First Bonsai Tree

Sep. 28, 2010

Im so excited about my first bonsai tree. I have NO prior bonsai experience, just did a little research and gave it a shot. You can do this too!  I Love those end of season sales! Its the perfect time to grab a tree for bonsai. Since many of those leftover plants are gangly, its easier to see the internal structure and there isnt much left to cut out. Perfect for beginners.

The last 3 gallon Cotoneaster Apiculatus wasn’t very full, but still healthy, and for $5 it was so mine. So it was time to give bonsai a shot. Nothing here is traditional bonsai and my technique may not be ‘bonsai correct’ but I am pleased with the results.

First Bonsai Tree: Before

First Bonsai Tree - Cotoneaster Apiculatus: Before

First Bonsai Tree: After

First Bonsai Tree - Cotoneaster Apiculatus: After

Since I didn’t want to spend a ton of money on my first bonsai tree, I used only materials that were available to me. Bonsai trees can grow in anything. Ive seen them planted without a container, straight onto a rock! And since ordering a pot online wouldnt get here TODAY, I just picked something from the store. This is a standard rectangular deck planter. I figured, good enough.

Bonsai soil is largely comprised of gravel, sand or other well draining aggregate. I didn’t have that either. So I just used peat moss, mixed with some compost I made. We’ll see what happens. I’ll keep my first bonsai tree out of the sun for a while and overwinter in a cold greenhouse to protect it from harsh winter winds, covered with plastic for moisture.

bonsai moss alternative: stonecropMoss is a standard soil cover to garnish your bonsai. If you find a clump of moss growing in a sunny spot in the yard, go for it! I came up short on the moss, but DID find a tiny sprig of stonecrop ground cover hiding under the weeds. How Lucky! And I actually like it better. Hopefully it spreads.

bonsai toolsBonsai is totally doable with the tools you probably already have in the garage. Regular garden pruners, needle nose pliers, and a wire cutter.  I have NO idea where this blue wire came from or its true purpose, but it did the trick 😀 It was heavy duty enough for the larger branches, while the thin green plant wire worked well on smaller branches.

Here are the basic steps to create your first bonsai tree:
Find a healthy plant to bonsai, Junipers are popular. Shake the container soil from the roots of your plant and trim the roots to fit your container. I’ve seen people hack roots in half and shove huge rootballs into tiny containers. I guess plants are tougher than i thought! Give the roots a good soaking with the hose. Place the plant into your container and position to your liking.

Look through the structure of the plant, try to find a basic composition. Working bottom to top is helpful. Cut away branches that you don’t need for your final tree composition.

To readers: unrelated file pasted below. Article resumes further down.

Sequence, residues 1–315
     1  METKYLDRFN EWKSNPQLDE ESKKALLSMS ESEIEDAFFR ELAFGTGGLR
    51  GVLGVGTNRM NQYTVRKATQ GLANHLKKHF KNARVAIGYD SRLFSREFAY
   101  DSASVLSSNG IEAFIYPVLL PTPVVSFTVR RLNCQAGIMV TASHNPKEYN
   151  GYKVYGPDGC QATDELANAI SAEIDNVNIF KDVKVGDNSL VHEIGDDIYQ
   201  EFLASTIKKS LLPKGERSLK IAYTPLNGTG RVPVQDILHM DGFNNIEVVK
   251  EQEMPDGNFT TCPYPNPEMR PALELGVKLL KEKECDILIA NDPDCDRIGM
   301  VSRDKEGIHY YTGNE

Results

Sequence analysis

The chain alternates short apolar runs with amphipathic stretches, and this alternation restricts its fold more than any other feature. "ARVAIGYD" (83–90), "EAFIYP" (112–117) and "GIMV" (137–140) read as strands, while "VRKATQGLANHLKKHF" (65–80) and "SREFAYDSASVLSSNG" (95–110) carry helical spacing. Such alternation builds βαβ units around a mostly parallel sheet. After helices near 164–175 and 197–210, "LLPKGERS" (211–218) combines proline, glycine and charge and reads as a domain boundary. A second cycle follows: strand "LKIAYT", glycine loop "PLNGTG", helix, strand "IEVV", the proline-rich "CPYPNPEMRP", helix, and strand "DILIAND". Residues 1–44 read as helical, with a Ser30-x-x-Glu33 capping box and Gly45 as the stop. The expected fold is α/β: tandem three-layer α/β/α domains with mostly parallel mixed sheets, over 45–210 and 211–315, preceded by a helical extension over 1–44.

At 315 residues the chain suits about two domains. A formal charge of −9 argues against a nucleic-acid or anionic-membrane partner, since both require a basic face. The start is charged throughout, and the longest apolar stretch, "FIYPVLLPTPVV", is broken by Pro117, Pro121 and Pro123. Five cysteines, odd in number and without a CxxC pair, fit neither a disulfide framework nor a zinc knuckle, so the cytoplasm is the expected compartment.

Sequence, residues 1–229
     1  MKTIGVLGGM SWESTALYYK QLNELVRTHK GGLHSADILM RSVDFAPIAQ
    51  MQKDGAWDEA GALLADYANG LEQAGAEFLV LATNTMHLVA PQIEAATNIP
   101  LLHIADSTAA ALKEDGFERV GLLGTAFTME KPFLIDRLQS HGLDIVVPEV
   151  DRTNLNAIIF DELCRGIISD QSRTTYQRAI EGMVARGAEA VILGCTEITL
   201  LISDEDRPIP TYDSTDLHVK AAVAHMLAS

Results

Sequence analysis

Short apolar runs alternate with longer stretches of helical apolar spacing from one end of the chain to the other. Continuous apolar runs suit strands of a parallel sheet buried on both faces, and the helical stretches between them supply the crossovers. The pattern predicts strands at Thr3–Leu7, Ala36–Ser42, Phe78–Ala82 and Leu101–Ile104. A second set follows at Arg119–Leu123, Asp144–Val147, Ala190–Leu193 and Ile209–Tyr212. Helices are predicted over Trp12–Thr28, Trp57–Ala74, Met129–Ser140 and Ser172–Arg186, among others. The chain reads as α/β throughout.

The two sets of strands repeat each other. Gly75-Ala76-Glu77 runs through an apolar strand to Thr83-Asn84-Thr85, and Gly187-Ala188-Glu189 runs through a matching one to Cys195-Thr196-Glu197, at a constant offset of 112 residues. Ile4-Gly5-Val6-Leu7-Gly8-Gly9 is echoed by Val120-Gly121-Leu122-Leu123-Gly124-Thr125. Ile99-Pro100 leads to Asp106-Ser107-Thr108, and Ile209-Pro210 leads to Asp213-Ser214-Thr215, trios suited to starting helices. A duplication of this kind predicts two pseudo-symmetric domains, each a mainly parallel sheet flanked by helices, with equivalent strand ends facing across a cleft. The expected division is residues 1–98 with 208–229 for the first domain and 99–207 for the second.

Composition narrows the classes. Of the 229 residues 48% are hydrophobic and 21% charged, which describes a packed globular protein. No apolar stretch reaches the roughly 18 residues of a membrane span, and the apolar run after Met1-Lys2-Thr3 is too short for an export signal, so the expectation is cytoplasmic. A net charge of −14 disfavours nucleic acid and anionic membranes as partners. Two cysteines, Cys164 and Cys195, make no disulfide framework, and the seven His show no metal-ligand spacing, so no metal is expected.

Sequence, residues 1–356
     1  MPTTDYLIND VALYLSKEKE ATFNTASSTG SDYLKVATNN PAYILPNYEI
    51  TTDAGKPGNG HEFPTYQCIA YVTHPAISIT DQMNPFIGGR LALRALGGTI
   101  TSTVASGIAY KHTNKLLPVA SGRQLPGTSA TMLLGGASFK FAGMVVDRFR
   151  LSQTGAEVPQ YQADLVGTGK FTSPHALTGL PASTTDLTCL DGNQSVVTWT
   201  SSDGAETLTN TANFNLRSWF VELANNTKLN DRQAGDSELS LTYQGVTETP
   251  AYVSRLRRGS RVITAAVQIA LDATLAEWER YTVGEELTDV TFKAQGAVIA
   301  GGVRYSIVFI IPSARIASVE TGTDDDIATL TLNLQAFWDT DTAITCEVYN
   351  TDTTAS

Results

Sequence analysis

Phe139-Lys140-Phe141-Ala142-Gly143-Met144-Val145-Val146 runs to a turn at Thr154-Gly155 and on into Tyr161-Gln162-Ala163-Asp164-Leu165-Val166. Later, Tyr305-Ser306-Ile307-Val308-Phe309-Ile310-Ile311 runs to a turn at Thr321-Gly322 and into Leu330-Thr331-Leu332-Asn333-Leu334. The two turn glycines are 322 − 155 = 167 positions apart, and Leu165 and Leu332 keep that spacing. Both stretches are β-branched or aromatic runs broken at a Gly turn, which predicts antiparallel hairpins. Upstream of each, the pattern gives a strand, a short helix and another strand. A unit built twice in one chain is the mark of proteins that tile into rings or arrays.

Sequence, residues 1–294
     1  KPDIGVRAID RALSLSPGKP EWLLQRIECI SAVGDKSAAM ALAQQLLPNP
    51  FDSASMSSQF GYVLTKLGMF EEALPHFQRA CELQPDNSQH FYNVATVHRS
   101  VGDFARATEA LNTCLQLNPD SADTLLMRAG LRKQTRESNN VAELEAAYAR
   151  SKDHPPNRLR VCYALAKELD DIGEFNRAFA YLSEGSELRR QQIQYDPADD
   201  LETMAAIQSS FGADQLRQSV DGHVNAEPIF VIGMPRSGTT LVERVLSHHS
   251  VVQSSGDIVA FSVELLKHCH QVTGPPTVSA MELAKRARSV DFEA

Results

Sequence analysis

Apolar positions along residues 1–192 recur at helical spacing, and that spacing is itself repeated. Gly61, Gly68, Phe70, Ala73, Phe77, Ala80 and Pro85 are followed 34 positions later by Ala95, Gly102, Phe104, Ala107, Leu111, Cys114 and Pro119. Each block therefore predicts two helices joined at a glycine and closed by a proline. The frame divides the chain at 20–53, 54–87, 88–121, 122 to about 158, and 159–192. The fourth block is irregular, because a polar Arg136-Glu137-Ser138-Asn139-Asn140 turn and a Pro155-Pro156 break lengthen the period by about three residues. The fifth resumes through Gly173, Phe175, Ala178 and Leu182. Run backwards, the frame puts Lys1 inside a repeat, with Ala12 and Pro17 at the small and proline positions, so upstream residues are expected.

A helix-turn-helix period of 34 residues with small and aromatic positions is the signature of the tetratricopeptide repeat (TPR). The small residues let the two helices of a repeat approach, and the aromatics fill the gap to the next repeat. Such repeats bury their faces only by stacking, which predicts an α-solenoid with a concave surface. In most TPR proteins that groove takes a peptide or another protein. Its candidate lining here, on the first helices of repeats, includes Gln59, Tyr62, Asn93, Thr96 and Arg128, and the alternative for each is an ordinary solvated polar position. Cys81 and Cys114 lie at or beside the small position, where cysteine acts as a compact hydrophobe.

Start wiring your branches. If necessary for lower branch shaping, sink one end of the wire into the soil. For higher branches, start the wire wherever you need to. Wrap the wire around the branch tightly, being careful not to break any branches or gouge the bark. Now you can shape the wire bound branches into place. The branches will grow to the form you’ve set.

Smooth the top of your soil and add moss, rocks or whatever is adorably mini!

Keep the tree out of the hot sun for a while until it has time to establish itself into its new home.

Being my first bonsai tree, Im not sure how long to keep the wire on. Im guessing its different per plant and to make sure to remove the wire before it  digs into the bark.

Go slow, be careful, and you’ll have your first bonsai tree in just a few hours!

A visual primer can help a ton before trying your first bonsai tree. I chose youtube to watch bonsai demonstrations. This is a long series (3 parts) but be patient, its very helpful in learning bonsai technique:

Graham Potter is a true master of his craft. His videos are long as well, but there are more advanced techniques here. Here’s are a few of my favorites, and check out Graham Potter’s channel for more.

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5 Responses to “First Bonsai Tree”

  1. R Western says:

    cool. i need suggestions from bloggers like your self to have my websites up to par. great info, well put together.

  2. […] hard to provide an indoor plant with as much light as it needs, so make sure before you pick your first bonsai plant, to do some research. I find that ficus are pretty hardy no matter where you put them (just not in […]

  3. […] so none of it touches the ground. I personally think it looks better. Working from bottom up (just like bonsai) I take out branches that are too close, cross each other and rub together, or are growing in weird […]

  4. […] her trim her bonsai’s and watching them grow really made me want one!  So one day we decided to go out and make a few.  […]

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